Alas, my love for the series has died down. Even though I apparently had two other games to look forward to that took place in the same universe, the one I was really looking forward to, Final Fantasy Versus XIII, is nowhere to be found. Come on Square, make me love the series again!

Lance Liebl

lanceI have played a ton of MMORPGs over the years. Everything from Star Wars Galaxies to Lineage II to Ultima Online to World of Warcraft. Hell, I even played Tabula Rasaand Matrix Online at one point. Needless to say, the MMO space has gotten a little stale over the past couple of years. After multiple times of quitting and going back toWoW, I was ready to give up on MMOs, simply because there wasn't anything that interested me or that could rival WoW.

Enter Star Wars: The Old Republic. I was a fan of Galaxies (before the NGE and Combat Upgrade), and I'm a huge fan of Star Wars in general, so I figured this was everything I needed. And it was BioWare! What could possibly go wrong? If you told me a month after its launch I would stop playing, I would have said you were crazy. But there I was, a month later, canceling my subscription.


I was banking on an amazing story-telling experience, multiplayer-driven action (it is an MMO afterall), really great PvP, and a character customization that could rivalGalaxies. First, the story was great until midway through the second Act. The story became stale (I played a Sith Inquisitor) and by the time I reached end-game content, none of the story I experienced mattered. The same goes for the sidekicks you accumulate. Once you finish your storyline, you never use them again.

Secondly, for an MMO, there was barely any interaction or need to group with other players. The world also felt lifeless. Thirdly, the world PvP was broken, I would only be able to get into Huttball due to what seemed like lack of MMO knowledge from the BioWare team, and what you had to go through to get PvP armor was just asinine. Lastly, forget character customization; you get a few options and that's all. Most of the characters look like Mr. Incredible anyways.

What started out as my MMORPG savior ended as a game that did nothing but disappoint. The least amount of fun I ever had playing WoW was 10 times more than the most fun I ever had playing The Old Republic. Now I'm banking on Guild Wars 2.

Verdict: Star Wars: The Old Republic. I found its lack of fun disturbing, to the point where I was screaming at the renew subscription page “I'll never join you!

Vito Gesualdi

vitoI don't remember exactly what it is that convinced me to give the original Monster Hunter Freedom a try, though within just a few hours I was hopelessly addicted to the PSP classic. I soon convinced all my PSP-owning friends to pick up a copy, and we were soon having regular raiding nights, everyone meeting up in the local game store to take down the game's gigantic suite of monsters in hopes of grinding out a new piece of sick gear.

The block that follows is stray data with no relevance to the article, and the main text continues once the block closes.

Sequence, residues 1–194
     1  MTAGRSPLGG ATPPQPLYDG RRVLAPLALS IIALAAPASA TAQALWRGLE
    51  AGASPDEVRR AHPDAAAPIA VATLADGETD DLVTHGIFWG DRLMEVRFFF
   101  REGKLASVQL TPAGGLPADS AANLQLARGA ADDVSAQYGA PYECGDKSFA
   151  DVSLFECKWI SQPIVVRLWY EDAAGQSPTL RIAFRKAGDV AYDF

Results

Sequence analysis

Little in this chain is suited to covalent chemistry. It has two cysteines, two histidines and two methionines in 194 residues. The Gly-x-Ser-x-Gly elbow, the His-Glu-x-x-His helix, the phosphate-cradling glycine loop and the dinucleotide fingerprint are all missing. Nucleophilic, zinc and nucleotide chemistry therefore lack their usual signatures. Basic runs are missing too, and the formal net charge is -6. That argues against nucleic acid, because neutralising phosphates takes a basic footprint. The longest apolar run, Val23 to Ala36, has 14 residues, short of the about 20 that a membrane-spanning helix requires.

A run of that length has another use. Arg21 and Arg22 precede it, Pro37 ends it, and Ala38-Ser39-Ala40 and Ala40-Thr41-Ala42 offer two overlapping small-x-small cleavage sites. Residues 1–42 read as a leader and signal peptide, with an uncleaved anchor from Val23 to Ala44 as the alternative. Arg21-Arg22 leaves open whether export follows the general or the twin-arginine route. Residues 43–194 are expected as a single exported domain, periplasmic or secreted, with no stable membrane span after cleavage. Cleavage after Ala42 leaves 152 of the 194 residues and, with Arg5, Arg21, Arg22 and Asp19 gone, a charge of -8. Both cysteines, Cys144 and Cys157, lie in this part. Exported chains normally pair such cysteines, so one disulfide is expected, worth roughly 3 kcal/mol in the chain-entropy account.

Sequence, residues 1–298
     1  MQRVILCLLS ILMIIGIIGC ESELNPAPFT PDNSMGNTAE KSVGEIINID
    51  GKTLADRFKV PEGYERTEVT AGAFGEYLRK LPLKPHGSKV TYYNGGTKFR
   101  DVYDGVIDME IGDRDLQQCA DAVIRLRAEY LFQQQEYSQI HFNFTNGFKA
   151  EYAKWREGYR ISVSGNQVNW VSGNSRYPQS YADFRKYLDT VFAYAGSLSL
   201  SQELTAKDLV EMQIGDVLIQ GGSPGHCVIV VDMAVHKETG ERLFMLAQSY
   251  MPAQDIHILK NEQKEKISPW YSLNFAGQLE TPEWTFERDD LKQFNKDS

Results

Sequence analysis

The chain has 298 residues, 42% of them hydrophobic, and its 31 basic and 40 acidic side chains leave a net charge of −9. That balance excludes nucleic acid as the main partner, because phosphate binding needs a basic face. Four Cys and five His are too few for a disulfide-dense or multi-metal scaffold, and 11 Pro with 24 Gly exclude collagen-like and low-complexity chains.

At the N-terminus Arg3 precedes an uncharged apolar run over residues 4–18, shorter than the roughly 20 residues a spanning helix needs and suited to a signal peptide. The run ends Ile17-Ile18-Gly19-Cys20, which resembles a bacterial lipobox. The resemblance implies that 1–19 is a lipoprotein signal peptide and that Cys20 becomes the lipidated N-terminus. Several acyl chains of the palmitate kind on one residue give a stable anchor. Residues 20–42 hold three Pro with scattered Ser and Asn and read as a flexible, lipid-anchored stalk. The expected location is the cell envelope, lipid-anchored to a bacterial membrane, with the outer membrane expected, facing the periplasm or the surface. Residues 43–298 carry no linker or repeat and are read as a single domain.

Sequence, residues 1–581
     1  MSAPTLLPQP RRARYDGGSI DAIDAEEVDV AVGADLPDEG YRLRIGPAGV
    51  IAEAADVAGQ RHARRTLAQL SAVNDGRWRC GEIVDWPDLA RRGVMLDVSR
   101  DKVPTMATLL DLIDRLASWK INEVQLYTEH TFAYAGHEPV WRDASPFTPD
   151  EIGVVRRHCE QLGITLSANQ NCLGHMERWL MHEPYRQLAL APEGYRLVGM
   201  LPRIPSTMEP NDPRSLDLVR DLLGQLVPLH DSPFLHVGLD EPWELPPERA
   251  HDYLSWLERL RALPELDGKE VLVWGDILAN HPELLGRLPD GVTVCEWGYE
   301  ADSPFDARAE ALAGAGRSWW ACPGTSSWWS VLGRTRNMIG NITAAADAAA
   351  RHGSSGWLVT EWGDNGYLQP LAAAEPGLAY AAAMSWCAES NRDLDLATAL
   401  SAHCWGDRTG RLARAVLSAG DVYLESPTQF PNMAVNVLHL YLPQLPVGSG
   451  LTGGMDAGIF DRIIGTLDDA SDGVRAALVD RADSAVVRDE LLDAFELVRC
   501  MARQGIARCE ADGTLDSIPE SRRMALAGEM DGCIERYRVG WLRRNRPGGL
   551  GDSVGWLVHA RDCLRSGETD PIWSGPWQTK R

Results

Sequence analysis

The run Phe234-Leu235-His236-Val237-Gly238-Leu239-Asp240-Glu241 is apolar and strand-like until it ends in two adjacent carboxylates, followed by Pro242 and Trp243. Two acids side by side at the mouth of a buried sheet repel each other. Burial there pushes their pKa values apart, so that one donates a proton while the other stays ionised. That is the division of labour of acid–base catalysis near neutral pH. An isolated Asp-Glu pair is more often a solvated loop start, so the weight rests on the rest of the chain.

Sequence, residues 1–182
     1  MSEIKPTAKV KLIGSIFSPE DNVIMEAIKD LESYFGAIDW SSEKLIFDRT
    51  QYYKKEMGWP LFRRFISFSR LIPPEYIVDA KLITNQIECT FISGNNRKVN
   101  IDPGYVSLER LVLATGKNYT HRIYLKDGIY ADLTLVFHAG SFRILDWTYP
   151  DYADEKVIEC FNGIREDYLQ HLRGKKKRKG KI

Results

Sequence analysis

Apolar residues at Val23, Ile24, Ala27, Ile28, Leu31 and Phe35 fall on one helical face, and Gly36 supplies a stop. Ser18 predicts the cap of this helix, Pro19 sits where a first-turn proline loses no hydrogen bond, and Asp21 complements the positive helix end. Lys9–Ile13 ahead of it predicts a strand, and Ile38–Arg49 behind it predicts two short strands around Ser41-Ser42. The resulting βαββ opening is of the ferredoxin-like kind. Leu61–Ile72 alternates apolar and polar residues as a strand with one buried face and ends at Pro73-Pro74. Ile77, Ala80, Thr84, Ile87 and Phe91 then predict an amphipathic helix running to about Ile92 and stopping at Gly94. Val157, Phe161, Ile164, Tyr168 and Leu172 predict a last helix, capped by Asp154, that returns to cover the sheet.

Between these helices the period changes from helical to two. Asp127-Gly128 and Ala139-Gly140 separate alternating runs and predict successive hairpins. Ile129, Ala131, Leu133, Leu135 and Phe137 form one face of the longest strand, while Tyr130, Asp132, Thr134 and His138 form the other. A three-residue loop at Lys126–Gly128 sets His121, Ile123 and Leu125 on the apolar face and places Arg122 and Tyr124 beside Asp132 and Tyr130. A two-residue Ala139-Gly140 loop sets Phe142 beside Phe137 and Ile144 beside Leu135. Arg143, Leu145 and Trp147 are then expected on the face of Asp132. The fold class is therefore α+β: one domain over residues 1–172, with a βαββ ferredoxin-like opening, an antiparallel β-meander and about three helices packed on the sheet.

Thing is, as much fun as Monster Hunter Freedom was, it lacked a sorely needed feature: online multiplayer. Though some people figured out how to hack the game's ad-hoc connection for online tunneling fun, me and my friends were too dumb to figure that out, trapped in that disgusting mall, eating stale orange chicken from the food court, just so we could get our Monster Hunter fix.

So, when Capcom announced Monster Hunter 3 for the Wii, I was ecstatic. I'd moved away from where my friends were, but now we'd have a chance to buddy up and kill dinosaurs again. I was so excited I actually pre-ordered the game at GameStop, an action which just thinking about it makes me feel a bit ill. When the game finally arrived I hurriedly rushed home, hooked up my new Classic Controller Pro and a USB keyboard, and sat down for the most disappointing gaming experience of my life.


To be fair, the PSP Monster Hunter had more than a few problems, though these were easy to forgive because it was a portable game. Unfortunately, it seemed like Nintendo's Wii was equally underpowered, despite being a home console. For instance, minor enemies continued to uniquely spawn on each player's screen, meaning your teammates always looked to be fighting air. Of course, Monster Hunter is primarily about the big boss battles, though it was hard to enjoy those encounters when the Wii's crappy online service reguarly booted players midway through battles. Oh, and friend codes! There's nothing more fun than putting in a giant password just to play with friends, because god forbid you hook up with some random group of jerks who don't understand that OUR TEAM ONLY GETS THREE EXTRA LIVES. Without buying that useless Wii Speak accessory, there's no way to scream at the stupid random n00b in your party that the Rathian's poison flip is about to wreck his s**t, and that same under-equipped moron would usually rush back onto the battlefield to eat away at the two remaining lives, ending the mission in failure.

Point is, I played with crappy graphics, invisible enemies, random disconnects, and stupid n00bs for about a month, all the while wondering how much more awesome the game would be on a competent system like the PlayStation 3 or Xbox 360. Now I hear Monster Hunter 3 is coming to the 3DS instead of the much more powerful Vita. It will also be pretty much unplayable if you don't invest in a Circle Pad Pro.

I don't think I'll be pre-ordering that one.

Do you agree with our picks? Got an idea for a future GameZone Roundtable?  Let us know in the comments!

About The Author
Vito Gesualdi GameZone.com Senior Editor, DraftMagic.com Editor-in-Chief, NoNoComedy.com Contributor, and the hardest working man in show business. King of video walkthroughs for new games. Follow me on the twitters @VitoGesualdi.